It can be thus concluded that hand sanitizers do more good than harm, but only if handled prudently. This includes the policing of the production of hand sanitizers as well as careful usage by the citizenry. Always exercise precaution with hand sanitizers. It is advised to keep them out of children’s reach, away from ignitable sources and consider seals and certifications before buying them.


  • Dahmardehei, M., Khadem Rezaiyan, M., Safarnejad, F., & Ahmadabadi, A. (2021). An unprecedented increase in burn injuries due to alcohol-based hand sanitizers during the COVID-19 outbreak. Medical Journal of the Islamic Republic of Iran, 35, 107.
  • Mahmood, A., Eqan, M., Pervez, S., Alghamdi, H. A., Tabinda, A. B., Yasar, A., Brindhadevi, K., & Pugazhendhi, A. (2020). COVID-19 and frequent use of hand sanitizers; human health and environmental hazards by exposure pathways. The Science of the Total Environment, 742, 140561.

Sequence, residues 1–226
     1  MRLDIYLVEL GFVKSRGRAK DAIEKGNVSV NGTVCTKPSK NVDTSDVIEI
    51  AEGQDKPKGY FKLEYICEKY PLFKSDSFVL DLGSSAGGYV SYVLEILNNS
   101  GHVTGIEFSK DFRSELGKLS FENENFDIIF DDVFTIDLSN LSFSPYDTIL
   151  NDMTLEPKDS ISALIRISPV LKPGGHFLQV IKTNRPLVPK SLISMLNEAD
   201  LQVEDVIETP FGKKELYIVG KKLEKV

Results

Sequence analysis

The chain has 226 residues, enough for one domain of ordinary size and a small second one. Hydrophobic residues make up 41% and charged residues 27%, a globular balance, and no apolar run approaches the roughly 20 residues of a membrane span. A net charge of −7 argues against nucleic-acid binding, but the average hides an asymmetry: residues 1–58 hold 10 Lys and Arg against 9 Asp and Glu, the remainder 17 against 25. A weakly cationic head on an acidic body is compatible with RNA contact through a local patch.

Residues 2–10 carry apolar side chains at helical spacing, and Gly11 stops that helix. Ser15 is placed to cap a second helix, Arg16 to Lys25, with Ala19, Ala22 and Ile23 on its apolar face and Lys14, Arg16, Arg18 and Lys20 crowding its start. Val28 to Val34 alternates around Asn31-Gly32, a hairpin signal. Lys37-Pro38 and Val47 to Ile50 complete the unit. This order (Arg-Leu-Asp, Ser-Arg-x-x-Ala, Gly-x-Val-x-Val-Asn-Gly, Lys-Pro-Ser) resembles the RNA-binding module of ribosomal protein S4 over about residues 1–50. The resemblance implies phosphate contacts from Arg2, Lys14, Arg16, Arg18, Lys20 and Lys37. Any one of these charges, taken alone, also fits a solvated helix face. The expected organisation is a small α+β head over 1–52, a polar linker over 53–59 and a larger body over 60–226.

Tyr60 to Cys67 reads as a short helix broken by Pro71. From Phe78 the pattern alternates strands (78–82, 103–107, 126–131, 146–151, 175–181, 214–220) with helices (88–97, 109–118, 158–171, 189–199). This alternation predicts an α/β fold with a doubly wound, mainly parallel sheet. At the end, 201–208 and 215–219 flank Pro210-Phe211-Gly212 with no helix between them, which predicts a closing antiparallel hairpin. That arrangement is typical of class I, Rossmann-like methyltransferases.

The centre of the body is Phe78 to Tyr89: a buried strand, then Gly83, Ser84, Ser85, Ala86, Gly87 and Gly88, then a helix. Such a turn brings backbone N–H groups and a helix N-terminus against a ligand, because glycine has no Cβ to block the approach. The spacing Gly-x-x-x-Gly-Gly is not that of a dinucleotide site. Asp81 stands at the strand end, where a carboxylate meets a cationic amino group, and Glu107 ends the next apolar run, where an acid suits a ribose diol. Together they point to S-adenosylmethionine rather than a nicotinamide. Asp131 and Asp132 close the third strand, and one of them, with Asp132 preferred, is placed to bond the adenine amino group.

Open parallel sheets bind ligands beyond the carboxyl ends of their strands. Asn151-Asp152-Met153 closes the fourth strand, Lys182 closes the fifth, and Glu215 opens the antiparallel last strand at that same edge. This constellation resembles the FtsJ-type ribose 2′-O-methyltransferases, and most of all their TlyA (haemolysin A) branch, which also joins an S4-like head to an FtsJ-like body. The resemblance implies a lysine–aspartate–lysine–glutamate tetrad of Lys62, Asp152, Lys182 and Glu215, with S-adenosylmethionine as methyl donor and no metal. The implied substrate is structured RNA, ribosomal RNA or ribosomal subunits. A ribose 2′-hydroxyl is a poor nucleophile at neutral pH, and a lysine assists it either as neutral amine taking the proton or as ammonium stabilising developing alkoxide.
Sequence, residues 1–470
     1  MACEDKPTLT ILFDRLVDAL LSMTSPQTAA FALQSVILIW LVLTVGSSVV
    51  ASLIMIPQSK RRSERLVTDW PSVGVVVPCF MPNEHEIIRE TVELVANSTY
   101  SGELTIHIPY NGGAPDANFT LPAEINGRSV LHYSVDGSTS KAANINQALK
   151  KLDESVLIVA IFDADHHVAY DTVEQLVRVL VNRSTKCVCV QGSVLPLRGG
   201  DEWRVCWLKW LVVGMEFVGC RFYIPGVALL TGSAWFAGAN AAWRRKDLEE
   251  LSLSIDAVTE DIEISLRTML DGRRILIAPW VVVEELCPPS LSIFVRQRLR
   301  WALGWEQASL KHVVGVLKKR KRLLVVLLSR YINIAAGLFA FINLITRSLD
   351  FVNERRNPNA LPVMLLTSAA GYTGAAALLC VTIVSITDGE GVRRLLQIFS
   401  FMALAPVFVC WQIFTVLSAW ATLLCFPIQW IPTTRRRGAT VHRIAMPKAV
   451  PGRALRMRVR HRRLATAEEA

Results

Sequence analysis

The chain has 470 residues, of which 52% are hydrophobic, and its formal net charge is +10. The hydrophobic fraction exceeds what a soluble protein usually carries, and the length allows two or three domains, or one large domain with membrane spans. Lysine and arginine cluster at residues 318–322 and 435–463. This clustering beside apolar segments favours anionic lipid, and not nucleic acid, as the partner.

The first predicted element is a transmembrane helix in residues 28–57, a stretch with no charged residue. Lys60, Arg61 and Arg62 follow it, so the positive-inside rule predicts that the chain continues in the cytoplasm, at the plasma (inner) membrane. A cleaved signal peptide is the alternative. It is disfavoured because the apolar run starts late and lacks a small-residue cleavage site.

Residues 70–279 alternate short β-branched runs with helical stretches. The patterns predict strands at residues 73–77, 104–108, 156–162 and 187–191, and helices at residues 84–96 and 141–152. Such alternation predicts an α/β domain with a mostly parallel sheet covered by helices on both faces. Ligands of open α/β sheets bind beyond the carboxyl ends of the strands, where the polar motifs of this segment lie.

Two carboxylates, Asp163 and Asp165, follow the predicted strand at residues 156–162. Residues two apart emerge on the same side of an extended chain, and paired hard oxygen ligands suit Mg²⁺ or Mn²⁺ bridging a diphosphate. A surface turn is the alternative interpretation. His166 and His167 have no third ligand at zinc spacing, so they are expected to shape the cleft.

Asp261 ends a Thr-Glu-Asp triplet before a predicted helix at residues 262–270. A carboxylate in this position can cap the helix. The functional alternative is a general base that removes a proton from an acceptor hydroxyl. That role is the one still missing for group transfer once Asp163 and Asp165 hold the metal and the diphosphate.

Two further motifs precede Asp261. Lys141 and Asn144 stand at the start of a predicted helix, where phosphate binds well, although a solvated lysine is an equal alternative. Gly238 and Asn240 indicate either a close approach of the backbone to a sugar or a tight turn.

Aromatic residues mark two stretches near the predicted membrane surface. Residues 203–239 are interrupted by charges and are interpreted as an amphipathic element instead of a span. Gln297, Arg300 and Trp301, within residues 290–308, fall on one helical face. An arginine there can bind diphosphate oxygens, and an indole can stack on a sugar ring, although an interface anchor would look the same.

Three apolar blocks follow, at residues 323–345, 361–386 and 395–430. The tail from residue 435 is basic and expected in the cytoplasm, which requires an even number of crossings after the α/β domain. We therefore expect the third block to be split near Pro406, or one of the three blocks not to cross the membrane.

• Duane, D. B. (2022). New research underlines the environmental impact of hand-sanitizing practices during the COVID-19 pandemic. Environmental Science and Pollution Research.
  • (2021, March). Household Products: Hand sanitizer demand will stay ‘exponentially higher’ than 2019 levels, the CEO of Purell parent says. Tyler Clifford.
  • Kutol, S. (2021, December 30). What Makes Commercial Hand Sanitizers Environmentally Friendly? Kutol. https://www.kutol.com/articles/what-makes-commercial-hand-sanitizers-environmentally-friendly/


Anoosh Fatima is a Biomedical engineering student who enjoys writing on topics ranging from science and technology to history and literature and is welcome to learning new things!

Jamshed Arslan

Pharm D (gold medalist); PhD (Neuropharmacology) Skilled in basic and clinical research and scientific writing, with over a decade of teaching and research experience.